In his talk Henry Karpinski described the care with which she researched the canyon and chose this particular location. He also said that part-way during the construction Ms Colter was called away for a few weeks. While she was gone the workman continued thinking that they understood her general plan. But "general plan" wasn't enough. She made them tear out all that they had done and rebuild it under her guidance, which extended to the placement of specific rocks.

The building was a work of art.

Interior of watchtower This picture gives only an indication of the elaborately planned decoration of the interior. Curving staircases gracefully ascend to the three levels.
View West

This picture is taken looking to the west down the canyon. It is relatively easy to see how the slope from the north rim, on the right, is much more gradual down to the river, which can't be seen at the bottom of the gorge. It is also possible to see that the north rim is higher than the south rim – by about 1000 feet.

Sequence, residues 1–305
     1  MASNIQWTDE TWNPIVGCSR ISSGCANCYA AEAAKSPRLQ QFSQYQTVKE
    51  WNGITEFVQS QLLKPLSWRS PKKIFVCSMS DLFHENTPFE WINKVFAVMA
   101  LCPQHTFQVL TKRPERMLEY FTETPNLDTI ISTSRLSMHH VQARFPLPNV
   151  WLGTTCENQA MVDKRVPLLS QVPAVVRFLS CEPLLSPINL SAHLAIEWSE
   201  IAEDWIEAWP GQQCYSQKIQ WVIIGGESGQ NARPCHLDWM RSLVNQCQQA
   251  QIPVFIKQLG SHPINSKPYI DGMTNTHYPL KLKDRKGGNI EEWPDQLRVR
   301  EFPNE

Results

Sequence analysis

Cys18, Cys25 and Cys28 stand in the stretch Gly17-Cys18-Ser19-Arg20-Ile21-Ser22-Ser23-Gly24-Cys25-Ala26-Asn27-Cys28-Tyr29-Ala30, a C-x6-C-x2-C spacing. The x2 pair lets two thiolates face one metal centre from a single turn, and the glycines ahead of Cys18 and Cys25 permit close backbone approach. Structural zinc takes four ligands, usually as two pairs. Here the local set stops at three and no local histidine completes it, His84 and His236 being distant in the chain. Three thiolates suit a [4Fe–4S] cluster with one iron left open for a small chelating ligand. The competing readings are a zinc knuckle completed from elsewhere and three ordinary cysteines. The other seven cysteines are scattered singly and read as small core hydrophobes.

View East

This is the view east looking over the Painted Desert. We saw more of this region on our way to the North Rim.

This picture indicates one of the many anomalies of the Grand Canyon. Normally rivers flow around higher landscape features, but here the river has carved a deep gorge through an uplifted area that is much higher than its surroundings. Why? How? When? Theories abound, but no one knows for sure.

View Northeast

Looking north, the river, which can be seen here for a change, makes a sharp turn. It has been flowing south, but it makes an almost 90-degree turn to the west here. Why it does so is another of the many puzzles about the river and canyon.

Beyond the canyon you can see how flat the terrain is for many miles until the Vermillion Cliffs in the distance. In the afternoon we will drive along those cliffs.

Continue with us as we drive from rim to rim. Although the canyon is roughly 10 miles wide as the condor flies, we will drive over 200 miles to get to our destination. It will take most of a day.